Macha
Forget Tomorrow
2004
C



it’s been four years since Macha last released a record. And, in the intervening time, trends in indie rock have come and gone. Opener “Forget Tomorrow” acknowledges this by sounding like a Radio 4 C-side, replete with Mike Dykehouse vocals.

Weren’t these the guys that sounded unlike any other band of its ilk, when See It Another Way came out? Weren’t these the guys that incorporated Far Eastern sounds like the gamelan into their sound seamlessly? Yep.

Which makes “Forget Tomorrow” all the more surprising. Where’s the weird? It’s still here, of course. "(Do the) Inevitable", the follow-up to “Forget Tomorrow”, rights the ship by using exotic percussion sounds, and “D-D-D” uses the same sonic template to dizzying effect. But what comes next is indicative of the problem from which Forget Tomorrow suffers.

A formless instrumental, “While the People Sleep” kills the momentum built up by the free-wheeling tracks that come before it. And, along with “Back in Baby’s Arms” and “From the Merak Lounge” serves to cleave the album into four indistinct portions.

For instance, wouldn’t the up-tempo “Smash and Grab” have been better served in the opening salvo of punk-funk that kicks off the disc? Or maybe just left off the disc entirely? And what about “C’mon C’mon Oblivion”? Its backwards melody and delayed climax notwithstanding, it’s kind of a bore, coming after the lush and hypnotic “Paper Tigers”. It’s hard to say, but the album is the worse from the small pockets of continuity that it does attempt because of its larger cohesiveness issues.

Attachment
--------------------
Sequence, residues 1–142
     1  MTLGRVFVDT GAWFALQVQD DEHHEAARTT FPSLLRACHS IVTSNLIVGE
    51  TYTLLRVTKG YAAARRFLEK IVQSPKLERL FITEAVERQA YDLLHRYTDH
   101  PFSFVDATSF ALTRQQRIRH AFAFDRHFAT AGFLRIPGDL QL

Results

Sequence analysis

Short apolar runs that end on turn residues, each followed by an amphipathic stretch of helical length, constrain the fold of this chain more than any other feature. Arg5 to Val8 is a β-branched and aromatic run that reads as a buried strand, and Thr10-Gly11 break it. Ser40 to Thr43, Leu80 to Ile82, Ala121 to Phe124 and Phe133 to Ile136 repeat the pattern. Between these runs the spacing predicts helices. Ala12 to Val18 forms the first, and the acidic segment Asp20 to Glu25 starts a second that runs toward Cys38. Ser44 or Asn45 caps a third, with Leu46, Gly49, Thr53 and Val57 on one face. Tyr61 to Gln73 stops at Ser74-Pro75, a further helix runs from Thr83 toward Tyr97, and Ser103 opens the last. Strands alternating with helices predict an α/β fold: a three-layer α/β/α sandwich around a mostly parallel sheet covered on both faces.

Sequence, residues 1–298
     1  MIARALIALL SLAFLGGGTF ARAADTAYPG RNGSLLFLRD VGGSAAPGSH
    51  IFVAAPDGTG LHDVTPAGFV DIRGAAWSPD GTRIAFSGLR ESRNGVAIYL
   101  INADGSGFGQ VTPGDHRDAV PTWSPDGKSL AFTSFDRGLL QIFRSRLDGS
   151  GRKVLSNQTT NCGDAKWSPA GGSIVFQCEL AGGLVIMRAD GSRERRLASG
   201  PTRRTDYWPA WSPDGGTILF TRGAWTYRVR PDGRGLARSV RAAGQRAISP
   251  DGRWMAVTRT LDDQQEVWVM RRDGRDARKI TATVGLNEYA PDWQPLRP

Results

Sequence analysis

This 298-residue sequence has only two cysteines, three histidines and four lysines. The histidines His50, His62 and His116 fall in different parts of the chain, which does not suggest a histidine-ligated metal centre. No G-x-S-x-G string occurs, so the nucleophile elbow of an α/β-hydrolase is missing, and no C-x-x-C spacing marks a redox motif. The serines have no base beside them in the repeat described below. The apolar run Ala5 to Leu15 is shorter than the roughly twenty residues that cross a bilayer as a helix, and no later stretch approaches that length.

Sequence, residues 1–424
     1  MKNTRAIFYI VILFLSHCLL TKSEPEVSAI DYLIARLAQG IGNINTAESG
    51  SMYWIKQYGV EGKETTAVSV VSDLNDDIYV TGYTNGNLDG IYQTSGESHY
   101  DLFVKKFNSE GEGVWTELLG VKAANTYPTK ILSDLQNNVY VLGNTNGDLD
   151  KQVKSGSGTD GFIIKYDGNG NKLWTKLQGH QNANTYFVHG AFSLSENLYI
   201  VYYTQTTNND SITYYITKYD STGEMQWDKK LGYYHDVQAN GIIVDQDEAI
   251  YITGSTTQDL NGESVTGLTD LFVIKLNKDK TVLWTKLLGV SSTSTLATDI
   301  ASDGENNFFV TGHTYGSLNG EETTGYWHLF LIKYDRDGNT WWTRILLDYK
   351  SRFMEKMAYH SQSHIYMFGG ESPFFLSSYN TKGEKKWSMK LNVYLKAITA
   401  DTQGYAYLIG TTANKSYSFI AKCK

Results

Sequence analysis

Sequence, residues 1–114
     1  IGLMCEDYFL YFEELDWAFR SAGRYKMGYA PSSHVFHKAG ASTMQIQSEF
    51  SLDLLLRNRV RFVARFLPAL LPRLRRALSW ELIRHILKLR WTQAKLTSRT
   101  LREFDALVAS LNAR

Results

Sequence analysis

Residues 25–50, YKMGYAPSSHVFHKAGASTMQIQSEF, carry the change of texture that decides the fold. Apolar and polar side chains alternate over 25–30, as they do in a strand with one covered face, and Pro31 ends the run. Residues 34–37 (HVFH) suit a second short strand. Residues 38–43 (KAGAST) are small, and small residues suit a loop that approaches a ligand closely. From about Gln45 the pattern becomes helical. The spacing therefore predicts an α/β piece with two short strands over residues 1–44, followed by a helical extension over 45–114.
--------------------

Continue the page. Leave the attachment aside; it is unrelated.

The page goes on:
But when the actual music is strong, it’s easy to forget. After the group gets their trend-hopping out of the way, the second half of the record ends up being a strong set of songs that remain true to Macha’s avowed experimental tendencies (hammer dulcimer, heavy synths and vibes all making appearances here).

But, in the end, Forget Tomorrow is an uneven record that came out a few years too late. Macha’s talent, in their prime, was a seamless detournement of the tropes that plagued indie rock (staid instrumentation, unwillingness to embrace change). Indie rock caught up (by going back), finally, and now even Macha doesn’t sound so odd after all.



Reviewed by: Todd Burns
Reviewed on: 2004-08-04
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